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Obama vows to defeat terrorism...US coalition attack on Syrian troops reported...UN chief speaks on climate talks



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WASHINGTON (AP) — President Barack Obama says there's no evidence the attack in San Bernardino, California, was directed by a terror network overseas or part of a broader plot. But in a rare Oval Office address last night, Obama emphasized the threat is real and vowed to overcome it. He says extremists like Islamic State group want a war between Islam and the West and seek to poison people's minds.

BEIRUT (AP) — Syrian activists as well as the government are reporting an attack on a Syrian army camp today by U.S.-led coalition aircraft. The government says three soldiers were killed and 13 wounded. Syria says the strikes prove "that this coalition lacks seriousness and credibility." If confirmed, the attack would be the first time the coalition has hit Syrian troops. The area is mostly held by the Islamic State group.

PARIS (AP) — U.N. Secretary-General Ban Ki-moon says whatever climate agreement is reached at the Paris talks needs to include strong monitoring of government pledges, and funds to help vulnerable countries. Speaking to government ministers from around the world, Ban says the world's wealthiest economies need to take the lead with poorer countries taking on increasing roles.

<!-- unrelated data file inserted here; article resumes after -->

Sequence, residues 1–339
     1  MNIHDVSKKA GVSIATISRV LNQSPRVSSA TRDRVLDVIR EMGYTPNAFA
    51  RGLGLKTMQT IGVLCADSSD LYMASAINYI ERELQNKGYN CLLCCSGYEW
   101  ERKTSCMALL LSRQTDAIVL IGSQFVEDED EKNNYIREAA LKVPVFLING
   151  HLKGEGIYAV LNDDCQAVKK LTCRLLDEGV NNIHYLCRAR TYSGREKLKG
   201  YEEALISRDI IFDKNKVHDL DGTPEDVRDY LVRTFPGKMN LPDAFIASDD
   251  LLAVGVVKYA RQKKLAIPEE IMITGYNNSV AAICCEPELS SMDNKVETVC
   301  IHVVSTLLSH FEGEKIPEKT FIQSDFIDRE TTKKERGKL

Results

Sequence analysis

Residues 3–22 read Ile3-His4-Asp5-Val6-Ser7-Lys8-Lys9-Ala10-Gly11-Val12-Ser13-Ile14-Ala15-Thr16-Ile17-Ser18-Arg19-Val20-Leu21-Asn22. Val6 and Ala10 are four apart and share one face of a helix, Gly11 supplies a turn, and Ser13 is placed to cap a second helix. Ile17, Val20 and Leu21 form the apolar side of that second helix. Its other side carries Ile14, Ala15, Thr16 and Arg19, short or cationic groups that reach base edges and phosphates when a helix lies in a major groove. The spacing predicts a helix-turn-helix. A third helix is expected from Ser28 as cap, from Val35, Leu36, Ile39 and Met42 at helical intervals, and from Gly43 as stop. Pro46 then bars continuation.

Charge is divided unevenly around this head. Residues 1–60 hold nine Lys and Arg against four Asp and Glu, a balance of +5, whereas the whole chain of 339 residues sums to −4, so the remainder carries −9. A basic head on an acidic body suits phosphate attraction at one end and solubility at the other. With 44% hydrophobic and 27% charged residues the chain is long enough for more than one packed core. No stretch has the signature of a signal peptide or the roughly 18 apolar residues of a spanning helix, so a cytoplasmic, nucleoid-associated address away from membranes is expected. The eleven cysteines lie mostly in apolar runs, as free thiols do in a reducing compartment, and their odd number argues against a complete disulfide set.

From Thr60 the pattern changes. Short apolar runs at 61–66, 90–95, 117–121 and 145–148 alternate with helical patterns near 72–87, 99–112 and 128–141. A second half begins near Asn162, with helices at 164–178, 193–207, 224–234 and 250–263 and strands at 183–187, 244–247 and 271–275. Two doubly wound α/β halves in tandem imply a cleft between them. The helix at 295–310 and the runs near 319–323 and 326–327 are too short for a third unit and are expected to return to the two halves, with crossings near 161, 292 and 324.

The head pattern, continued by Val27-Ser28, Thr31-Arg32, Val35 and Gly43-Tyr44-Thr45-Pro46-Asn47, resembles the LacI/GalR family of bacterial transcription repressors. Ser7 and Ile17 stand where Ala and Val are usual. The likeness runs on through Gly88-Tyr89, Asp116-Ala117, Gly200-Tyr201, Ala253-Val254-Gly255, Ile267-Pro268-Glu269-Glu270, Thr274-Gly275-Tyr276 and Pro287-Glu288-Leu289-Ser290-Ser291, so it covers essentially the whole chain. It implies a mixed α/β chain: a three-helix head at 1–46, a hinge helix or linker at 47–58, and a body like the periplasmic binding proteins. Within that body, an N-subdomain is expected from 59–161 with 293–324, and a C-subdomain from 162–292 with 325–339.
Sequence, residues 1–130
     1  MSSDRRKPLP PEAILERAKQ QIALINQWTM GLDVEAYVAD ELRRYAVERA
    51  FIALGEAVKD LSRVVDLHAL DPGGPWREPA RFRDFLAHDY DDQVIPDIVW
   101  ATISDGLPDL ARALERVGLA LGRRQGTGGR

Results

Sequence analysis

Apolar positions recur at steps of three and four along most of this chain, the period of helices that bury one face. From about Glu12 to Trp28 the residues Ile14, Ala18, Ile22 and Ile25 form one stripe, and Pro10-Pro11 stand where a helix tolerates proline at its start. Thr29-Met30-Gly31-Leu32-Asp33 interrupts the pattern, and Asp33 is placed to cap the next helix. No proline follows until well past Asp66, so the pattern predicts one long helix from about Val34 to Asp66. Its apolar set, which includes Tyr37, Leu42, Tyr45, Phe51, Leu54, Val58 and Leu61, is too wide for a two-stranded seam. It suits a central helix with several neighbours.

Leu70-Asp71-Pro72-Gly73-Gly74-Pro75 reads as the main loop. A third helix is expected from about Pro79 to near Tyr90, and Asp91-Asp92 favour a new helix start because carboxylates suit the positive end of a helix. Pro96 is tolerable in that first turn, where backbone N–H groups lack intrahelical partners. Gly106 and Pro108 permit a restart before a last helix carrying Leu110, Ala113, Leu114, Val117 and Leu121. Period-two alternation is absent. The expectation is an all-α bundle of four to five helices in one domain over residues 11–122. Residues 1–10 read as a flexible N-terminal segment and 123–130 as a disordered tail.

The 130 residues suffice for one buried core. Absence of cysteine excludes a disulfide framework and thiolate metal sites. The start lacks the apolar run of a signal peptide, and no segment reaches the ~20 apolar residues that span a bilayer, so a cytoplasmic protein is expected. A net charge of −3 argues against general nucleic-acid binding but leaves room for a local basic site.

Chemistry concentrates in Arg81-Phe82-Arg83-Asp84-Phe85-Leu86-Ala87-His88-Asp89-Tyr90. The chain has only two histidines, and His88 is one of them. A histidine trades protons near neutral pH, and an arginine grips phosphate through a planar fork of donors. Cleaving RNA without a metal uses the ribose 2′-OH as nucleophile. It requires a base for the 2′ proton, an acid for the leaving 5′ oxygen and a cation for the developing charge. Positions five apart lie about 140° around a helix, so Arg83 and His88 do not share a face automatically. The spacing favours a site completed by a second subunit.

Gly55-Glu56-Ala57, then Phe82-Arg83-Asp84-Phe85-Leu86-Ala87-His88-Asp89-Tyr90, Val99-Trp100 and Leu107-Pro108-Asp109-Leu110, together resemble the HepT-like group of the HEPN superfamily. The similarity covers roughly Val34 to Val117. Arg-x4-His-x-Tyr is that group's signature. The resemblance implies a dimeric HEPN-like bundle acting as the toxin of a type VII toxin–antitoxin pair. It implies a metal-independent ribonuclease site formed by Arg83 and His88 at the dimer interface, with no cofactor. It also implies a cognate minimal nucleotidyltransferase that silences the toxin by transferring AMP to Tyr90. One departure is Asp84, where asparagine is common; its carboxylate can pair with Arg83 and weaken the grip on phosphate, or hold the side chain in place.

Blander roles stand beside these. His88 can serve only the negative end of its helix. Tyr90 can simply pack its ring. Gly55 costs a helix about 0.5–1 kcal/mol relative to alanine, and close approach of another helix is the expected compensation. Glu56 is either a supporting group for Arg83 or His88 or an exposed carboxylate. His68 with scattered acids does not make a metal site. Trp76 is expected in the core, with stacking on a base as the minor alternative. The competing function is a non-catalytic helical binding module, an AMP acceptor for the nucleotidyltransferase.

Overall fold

LONDON (AP) — Saturday's stabbing in the London Underground has brought out stepped up police patrols today at transport hubs. The man brandishing a knife reportedly said, "This is for Syria." Police say 29-year-old Muhaydin Mire will appear at Westminster Magistrates Court today, accused of attempted murder. Parliament has approved British airstrikes on Islamic State group targets in Syria.

ATLANTA (AP) — Doctors say former President Jimmy Carter's medical treatment isn't ending after some good news from the latest MRI. The exam showed no cancer on Carter's brain and doctors call that "very positive." But they say treatment with an immunotherapy drug will continue. Such drugs have shown promise as a long-lasting treatment.

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The Associated Press

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